Na­ture’s Note­book

Scar­let Kingsnake of Florida

Bonita & Estero Magazine - - CON­TENTS -

Acase of mis­taken iden­tity could be all it takes to threaten a snake. De­spite some opin­ions to the con­trary, most snakes are harm­less and use­ful, but many are killed just be­cause they are snakes or look like a dan­ger­ous species.

For ex­am­ple, the scar­let kingsnake (Lam­pro­peltis elap­soides) is non­ven­omous but mim­ics the ven­omous eastern co­ral snake

(Mi­cru­rus ful­vius). Yel­low and red are the two traf­fic-light warn­ing col­ors that are used to alert those who en­counter the co­ral snake. If these two col­ors touch (red next to yel­low), it is a co­ral snake. If these col­ors are sep­a­rated by black, it is a scar­let kingsnake. The scar­let kingsnake also has a red nose, while the co­ral snake has a black nose. It may be eas­ier to dis­tin­guish be­tween the two by re­mem­ber­ing the ditty rhyme, “Red against black is a friend of Jack, and red against yel­low will kill a fel­low.”

When iden­ti­fy­ing snake species, you also need to con­sider the snake’s range, ac­tiv­ity pat­tern (day or night) and habi­tat pref­er­ence. Florida has more than 80 species of snakes. This much di­ver­sity is a re­sult of the many dif­fer­ent habi­tats found in Florida, which cov­ers 58,560 square miles. These habi­tats are grouped into ter­res­trial, mesic and aquatic. They are the re­sult of cli­mate, hu­man in­flu­ences and ge­o­log­i­cal his­tory. All na­tive snakes are eco­log­i­cally im­por­tant, and they have in­ter­est­ing life his­to­ries. Un­for­tu­nately, many snakes and other rep­tiles are threat­ened or en­dan­gered be­cause of the loss of habi­tat and per­se­cu­tion.

The scar­let kingsnake is found through­out penin­su­lar Florida but sel­dom in the lower keys. Out­side of Florida it ranges from North Carolina to Ten­nessee and eastern Louisiana. It can be found in well-drained pine flat­woods and other wood­lands where it may re­side in stumps, snags and fallen trees. Shane John­son, ex­pert her­petol­o­gist of Fort My­ers, says it of­ten fre­quents trash and junk piles, and in south Florida it is par­tial to stands of the ex­otic Aus­tralian pine.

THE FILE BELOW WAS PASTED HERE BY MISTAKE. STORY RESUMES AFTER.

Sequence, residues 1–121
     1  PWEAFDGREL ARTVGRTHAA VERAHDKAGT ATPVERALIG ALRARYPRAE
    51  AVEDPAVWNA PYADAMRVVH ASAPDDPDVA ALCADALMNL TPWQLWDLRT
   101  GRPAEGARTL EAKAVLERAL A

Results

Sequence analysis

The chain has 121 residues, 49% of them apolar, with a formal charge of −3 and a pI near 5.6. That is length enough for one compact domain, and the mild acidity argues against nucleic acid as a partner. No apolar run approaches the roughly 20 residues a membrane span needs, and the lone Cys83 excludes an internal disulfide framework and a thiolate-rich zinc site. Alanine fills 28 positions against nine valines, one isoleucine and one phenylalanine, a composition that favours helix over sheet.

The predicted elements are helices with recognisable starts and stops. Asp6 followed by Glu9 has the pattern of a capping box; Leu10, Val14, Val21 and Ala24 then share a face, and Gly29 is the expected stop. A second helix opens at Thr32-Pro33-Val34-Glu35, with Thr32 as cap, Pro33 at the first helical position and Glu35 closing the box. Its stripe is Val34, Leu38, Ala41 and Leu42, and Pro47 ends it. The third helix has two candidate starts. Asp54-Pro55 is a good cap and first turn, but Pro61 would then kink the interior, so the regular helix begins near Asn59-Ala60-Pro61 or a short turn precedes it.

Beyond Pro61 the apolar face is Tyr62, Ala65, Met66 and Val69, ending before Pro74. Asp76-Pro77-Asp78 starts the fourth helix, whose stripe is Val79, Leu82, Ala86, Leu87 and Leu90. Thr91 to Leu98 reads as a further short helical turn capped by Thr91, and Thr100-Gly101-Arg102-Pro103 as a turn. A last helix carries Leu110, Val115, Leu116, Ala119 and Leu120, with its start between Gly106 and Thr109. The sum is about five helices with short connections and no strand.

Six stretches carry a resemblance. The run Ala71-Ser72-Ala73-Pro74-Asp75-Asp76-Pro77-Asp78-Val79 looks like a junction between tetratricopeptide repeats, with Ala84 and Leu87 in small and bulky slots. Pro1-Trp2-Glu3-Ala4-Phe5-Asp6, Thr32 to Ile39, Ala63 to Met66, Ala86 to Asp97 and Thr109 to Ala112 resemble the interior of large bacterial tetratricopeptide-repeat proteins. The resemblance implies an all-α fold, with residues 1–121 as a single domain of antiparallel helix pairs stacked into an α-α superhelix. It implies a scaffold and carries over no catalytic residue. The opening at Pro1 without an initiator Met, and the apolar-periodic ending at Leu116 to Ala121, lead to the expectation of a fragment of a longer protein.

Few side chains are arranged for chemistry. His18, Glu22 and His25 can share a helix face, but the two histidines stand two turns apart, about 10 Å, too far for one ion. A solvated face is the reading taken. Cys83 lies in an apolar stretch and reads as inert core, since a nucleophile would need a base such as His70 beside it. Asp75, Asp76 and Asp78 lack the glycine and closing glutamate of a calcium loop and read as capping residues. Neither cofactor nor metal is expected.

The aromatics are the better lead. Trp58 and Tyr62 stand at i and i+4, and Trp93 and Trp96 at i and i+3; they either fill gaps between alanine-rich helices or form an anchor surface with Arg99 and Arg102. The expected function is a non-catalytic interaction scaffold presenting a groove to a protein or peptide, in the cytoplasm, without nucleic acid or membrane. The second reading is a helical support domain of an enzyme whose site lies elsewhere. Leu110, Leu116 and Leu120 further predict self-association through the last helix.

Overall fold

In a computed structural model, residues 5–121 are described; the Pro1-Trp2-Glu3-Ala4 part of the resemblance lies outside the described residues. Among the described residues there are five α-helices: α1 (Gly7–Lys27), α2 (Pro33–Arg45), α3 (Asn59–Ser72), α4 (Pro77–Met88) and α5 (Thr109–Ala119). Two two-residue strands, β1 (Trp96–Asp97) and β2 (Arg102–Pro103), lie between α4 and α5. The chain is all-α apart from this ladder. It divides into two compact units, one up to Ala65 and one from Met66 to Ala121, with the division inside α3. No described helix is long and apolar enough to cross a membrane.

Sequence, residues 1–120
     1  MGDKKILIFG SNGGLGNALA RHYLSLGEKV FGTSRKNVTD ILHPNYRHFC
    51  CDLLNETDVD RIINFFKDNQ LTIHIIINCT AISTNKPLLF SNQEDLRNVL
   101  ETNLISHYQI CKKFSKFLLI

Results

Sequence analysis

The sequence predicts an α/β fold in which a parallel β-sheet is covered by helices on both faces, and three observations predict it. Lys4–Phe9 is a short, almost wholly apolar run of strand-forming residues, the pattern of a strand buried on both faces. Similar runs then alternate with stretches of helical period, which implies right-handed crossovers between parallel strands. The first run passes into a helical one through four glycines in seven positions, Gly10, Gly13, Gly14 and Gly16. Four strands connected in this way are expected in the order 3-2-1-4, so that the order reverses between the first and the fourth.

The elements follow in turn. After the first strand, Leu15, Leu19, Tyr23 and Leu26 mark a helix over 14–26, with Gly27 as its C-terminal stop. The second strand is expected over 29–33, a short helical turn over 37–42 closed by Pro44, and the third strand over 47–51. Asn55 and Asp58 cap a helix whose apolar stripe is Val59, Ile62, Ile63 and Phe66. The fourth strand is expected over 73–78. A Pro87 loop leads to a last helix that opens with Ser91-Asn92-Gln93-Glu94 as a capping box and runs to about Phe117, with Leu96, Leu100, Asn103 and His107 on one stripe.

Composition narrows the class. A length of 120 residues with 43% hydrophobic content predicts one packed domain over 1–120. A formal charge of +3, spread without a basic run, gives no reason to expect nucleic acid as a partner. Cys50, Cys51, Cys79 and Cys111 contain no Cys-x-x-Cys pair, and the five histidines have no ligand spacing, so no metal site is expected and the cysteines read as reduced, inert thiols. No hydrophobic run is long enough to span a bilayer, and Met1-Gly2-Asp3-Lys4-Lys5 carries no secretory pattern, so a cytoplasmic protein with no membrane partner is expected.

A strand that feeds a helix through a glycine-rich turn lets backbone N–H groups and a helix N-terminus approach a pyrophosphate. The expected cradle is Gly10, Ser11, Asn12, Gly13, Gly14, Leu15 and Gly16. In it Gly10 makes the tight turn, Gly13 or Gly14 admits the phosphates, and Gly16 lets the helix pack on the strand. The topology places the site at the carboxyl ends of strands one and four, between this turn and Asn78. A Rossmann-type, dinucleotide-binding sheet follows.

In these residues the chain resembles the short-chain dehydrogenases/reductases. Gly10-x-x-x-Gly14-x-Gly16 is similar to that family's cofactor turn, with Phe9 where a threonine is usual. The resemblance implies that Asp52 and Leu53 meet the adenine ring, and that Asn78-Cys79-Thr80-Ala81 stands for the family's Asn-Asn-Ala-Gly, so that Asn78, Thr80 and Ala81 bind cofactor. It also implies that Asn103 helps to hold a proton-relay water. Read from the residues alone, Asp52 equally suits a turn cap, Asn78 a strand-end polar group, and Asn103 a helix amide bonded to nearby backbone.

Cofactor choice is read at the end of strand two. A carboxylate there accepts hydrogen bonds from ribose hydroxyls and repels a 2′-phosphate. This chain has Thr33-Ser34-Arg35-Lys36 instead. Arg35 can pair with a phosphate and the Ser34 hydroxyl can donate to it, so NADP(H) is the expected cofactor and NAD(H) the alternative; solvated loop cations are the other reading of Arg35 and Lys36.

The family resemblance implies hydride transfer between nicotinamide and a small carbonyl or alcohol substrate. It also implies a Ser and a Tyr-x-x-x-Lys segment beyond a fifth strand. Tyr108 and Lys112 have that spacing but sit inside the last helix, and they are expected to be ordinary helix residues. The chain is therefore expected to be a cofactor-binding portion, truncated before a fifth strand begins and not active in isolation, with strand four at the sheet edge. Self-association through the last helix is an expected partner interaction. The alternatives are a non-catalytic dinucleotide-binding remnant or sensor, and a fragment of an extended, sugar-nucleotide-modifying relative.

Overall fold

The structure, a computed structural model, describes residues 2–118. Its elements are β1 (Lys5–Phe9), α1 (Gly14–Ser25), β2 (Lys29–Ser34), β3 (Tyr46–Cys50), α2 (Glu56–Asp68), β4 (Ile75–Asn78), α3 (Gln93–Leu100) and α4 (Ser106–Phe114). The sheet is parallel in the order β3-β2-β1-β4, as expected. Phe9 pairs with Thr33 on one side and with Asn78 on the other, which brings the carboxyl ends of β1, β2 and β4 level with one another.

The medium-size scar­let kingsnake is gen­er­ally only 14 to 18 inches long, though some can reach 27 to 29 inches in length. It is most ac­tive af­ter dark and can be seen cross­ing unim­proved roads and high­ways at night. It can also be ob­served cross­ing the for­est floor or as­cend­ing a rough

barked tree at night.

This is pre­dom­i­nantly a docile snake but can pose a raised “S” shape strik­ing po­si­tion if it feels threat­ened. As with most snakes, the scar­let kingsnake is more alert when hun­gry than when sated. It preys on smaller snakes, lizards, skinks and small mice.

Only a few snakes, such as the coach­whip, indigo snake and rac­ers, use eye­sight to hunt prey and have the abil­ity to ob­serve mov­ing ob­jects at 328 yards or more. These snakes have a wide field of vi­sion, but their clar­ity is poor. Most snakes such as the scar­let kingsnake, how­ever, hunt pri­mar­ily by smell. Its flick­ing forked tongue picks up chem­i­cal par­ti­cles in the air or on a scent trail on the ground. When a snake pulls its tongue into its mouth, its sur­face rubs against the sen­sory tis­sue of the Ja­cob­son’s or­gan, an aux­il­iary ol­fac­tory sense or­gan. This is how the scar­let kingsnake and other snakes smell prey or fol­low the trail of a po­ten­tial mate.

Snakes do not have ex­ter­nal ears or eardrums but are sen­si­tive to vi­bra­tions from the sub­strate, es­pe­cially felt through their jaw­bones. Snakes can be egg-lay­ers (oviparous) or live bear­ers (ovo­viviparous). The oviparous scar­let kingsnake lays two to eight eggs in mois­ture-re­tain­ing tree nee­dles or saw­dust and de­com­pos­ing logs or stumps. Hatch­lings are 5 to 6 inches long and hatch ap­prox­i­mately two months af­ter in­cu­ba­tion.

A con­ser­va­tion ethic of not harm­ing snakes is needed for all snakes, es­pe­cially the scar­let kingsnake, which suf­fers from its mis­taken iden­tity with the co­ral snake. The en­vi­ron­men­tal aware­ness that came to the fore in the 1960s and 1970s fo­cused mainly on air and water pol­lu­tion and the threat­ened ex­tinc­tion of fish, birds and mam­mals. Lit­tle thought was given to rep­tiles, par­tic­u­larly snakes. Snake pop­u­la­tions are be­ing re­duced by habi­tat loss, pol­lu­tion, over­col­lect­ing for the pet trade, in­tro­duc­tion of ex­otic species and con­temp­tu­ous killing of harm­less and ben­e­fi­cial snakes.

You can help by hav­ing trash and junk piles re­moved from un­law­ful dump­ing ar­eas or your prop­erty and by not harm­ing snakes. You can also help by sup­port­ing lo­cal, state and na­tional parks that pre­serve and main­tain large ar­eas of land, pro­tect­ing habi­tats that are needed for the sur­vival and well be­ing of many na­tive Florida snakes. Wil­liam R. Cox has been a pro­fes­sional na­ture pho­tog­ra­pher and ecol­o­gist for more than 35 years. Visit him on­line at williamr­cox­pho­tog­ra­phy.com.

A con­ser­va­tion ethic of not harm­ing snakes is needed for all snakes, es­pe­cially the scar­let kingsnake, which suf­fers from its mis­taken iden­tity with the co­ral snake.

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